Supreme Court hands Dems a win in Virginia gerrymander case
In a victory for Democrats in Virginia, the Supreme Court held Monday that the Republican-led Virginia House of Delegates did not have the legal right to challenge a lower court opinion that struck several district maps they had drawn as an unconstitutional racial gerrymander.
This means court-ordered maps that favored Democrats will continue to be used.
The decision will have an immediate impact on Virginia’s fall legislative elections at a crucial time. The state, once reliably Republican, has slowly drifted left. Republicans have not won a statewide race since 2009, but they have held on to both the Senate and House by slim margins. This fall, every state legislative seat is up for re-election and the GOP holds only a two-seat advantage in both chambers.
Had the court ruled in favor of the Republican challenge, it would’ve greatly improved their chances of holding on to the House of Delegates. Twenty-six House districts were re-aligned by an outside expert after a lower court ruled 11 districts unconstitutional.
Justice Ruth Bader Ginsburg wrote the opinion for a 5-4 court, joined by Justices Clarence Thomas, Sonia Sotomayor, Elena Kagan and Neil Gorsuch.
Because the Supreme Court dismissed the challenge on standing grounds, justices did not rule if the maps constitute an unconstitutional racial gerrymander.
“One House of its bicameral legislature cannot alone continue the litigation against the will of its partners in the legislative process,” Ginsburg wrote.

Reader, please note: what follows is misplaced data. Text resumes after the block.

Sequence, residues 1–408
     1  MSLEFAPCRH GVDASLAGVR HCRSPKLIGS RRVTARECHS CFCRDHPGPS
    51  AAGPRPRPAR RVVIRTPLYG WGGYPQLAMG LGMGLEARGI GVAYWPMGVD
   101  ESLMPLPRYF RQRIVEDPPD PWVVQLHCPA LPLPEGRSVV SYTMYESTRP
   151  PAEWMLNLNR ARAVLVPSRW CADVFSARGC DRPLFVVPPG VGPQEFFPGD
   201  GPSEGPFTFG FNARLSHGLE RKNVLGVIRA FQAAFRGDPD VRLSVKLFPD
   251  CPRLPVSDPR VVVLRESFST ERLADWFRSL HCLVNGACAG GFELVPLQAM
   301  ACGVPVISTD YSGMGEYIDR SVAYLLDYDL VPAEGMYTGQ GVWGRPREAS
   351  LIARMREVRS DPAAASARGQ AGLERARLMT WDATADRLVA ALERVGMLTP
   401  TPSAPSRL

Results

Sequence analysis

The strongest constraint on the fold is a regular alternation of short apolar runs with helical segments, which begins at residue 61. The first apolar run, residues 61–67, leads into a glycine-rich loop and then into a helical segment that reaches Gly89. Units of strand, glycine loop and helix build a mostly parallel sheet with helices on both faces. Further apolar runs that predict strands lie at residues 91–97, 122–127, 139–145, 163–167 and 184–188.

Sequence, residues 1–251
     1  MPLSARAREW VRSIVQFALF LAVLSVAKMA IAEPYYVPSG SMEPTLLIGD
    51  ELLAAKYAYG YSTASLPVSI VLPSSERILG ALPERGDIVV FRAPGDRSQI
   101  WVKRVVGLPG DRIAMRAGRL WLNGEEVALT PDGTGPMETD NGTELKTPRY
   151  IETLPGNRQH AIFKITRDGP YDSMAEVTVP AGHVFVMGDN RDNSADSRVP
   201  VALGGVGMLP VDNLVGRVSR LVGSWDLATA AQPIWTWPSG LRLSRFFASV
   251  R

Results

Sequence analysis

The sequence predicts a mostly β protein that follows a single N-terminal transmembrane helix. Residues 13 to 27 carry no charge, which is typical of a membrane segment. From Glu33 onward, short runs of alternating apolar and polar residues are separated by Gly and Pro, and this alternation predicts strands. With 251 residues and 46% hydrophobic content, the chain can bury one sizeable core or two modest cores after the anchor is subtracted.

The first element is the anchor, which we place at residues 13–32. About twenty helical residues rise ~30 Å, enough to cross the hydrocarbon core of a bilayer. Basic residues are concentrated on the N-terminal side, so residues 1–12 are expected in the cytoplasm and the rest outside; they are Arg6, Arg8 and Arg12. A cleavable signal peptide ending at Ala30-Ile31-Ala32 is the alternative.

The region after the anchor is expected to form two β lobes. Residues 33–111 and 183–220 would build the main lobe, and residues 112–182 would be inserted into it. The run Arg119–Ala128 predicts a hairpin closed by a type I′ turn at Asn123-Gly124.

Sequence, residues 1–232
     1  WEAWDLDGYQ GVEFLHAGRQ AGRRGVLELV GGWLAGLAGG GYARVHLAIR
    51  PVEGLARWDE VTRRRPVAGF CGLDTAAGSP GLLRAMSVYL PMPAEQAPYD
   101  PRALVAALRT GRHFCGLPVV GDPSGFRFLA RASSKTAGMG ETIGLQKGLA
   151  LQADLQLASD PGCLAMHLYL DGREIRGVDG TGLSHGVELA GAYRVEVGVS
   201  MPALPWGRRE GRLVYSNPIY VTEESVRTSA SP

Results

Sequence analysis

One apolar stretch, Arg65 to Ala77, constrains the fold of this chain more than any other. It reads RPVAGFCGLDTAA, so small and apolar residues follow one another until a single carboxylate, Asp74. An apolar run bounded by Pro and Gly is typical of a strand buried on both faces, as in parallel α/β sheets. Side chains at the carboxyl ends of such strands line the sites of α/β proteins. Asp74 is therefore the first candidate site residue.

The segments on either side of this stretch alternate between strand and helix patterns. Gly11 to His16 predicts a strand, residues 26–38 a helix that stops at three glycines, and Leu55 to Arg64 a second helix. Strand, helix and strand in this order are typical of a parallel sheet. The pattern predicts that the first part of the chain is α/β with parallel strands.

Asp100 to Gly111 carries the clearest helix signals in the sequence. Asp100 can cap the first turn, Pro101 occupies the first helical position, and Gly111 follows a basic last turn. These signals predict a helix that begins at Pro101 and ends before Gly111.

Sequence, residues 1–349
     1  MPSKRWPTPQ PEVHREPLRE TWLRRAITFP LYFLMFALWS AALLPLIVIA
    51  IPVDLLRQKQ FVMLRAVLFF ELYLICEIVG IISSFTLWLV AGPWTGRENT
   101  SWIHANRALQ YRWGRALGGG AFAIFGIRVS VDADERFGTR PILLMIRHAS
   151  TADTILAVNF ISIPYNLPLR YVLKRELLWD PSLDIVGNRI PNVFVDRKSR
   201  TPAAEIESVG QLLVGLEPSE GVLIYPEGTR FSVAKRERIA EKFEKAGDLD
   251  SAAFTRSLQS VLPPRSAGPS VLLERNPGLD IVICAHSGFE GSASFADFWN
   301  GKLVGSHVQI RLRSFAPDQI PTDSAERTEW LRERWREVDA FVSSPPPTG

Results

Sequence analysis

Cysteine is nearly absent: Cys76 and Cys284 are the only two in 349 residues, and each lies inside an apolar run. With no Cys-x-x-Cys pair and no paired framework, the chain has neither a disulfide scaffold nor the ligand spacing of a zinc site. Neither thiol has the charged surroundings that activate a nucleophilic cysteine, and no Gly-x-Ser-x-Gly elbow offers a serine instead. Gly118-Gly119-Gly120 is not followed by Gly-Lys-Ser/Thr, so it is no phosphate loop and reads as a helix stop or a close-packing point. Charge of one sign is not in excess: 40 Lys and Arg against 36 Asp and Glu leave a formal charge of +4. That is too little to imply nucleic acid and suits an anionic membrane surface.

“If the State had designated the House to represent its interests, and if the House had in fact carried out that mission, we would agree that the House could stand in for the State. Neither precondition, however, is met here.”
In a statement released on Monday, the Speaker of the House of Delegates Kirk Cox, who brought the suit, vowed that the redistricting battle is not over.
“Unfortunately, the Court’s decision to not decide the merits of this case leaves a number of unanswered questions just two years before the next redistricting cycle,” said Cox. “This could have been prevented if Attorney General (Mark) Herring would have defended the law of the Commonwealth and allowed the court to provide an opinion on the merits of this case.”
Herring declined to defend the re-drawn districts when they were challenged in court. In a tweet posted Monday, Herring lauded the decision by the high court.
“The US Supreme Court has rejected Virginia Republicans’ efforts to protect racially gerrymandered districts. Virginia’s elections this fall will take place in fair, constitutional districts. It’s a good day for democracy in Virginia,” Herring wrote.
Former US Attorney General Eric Holder, who chairs the National Democratic Redistricting Committee, an organization whose goal is to end Republican gerrymandering, said in a statement on Monday that the Court’s decision “is an important victory for African Americans in Virginia who have been forced since 2011 to vote in racially gerrymandered districts that unfairly diluted their voting power.”
“With a new, fair map in place, all Virginians will now — finally — have the opportunity this fall to elect a House of Delegates that actually represents the will of the people,” Holder said.
Beyond the immediate impact of this fall’s elections, the decision could have a far reaching implication on Virginia politics. If Democrats flip either or both chambers this fall, they will be well positioned to control the next round of redistricting after the 2020 census.
CNN’s Suzanne Malveaux contributed to this report.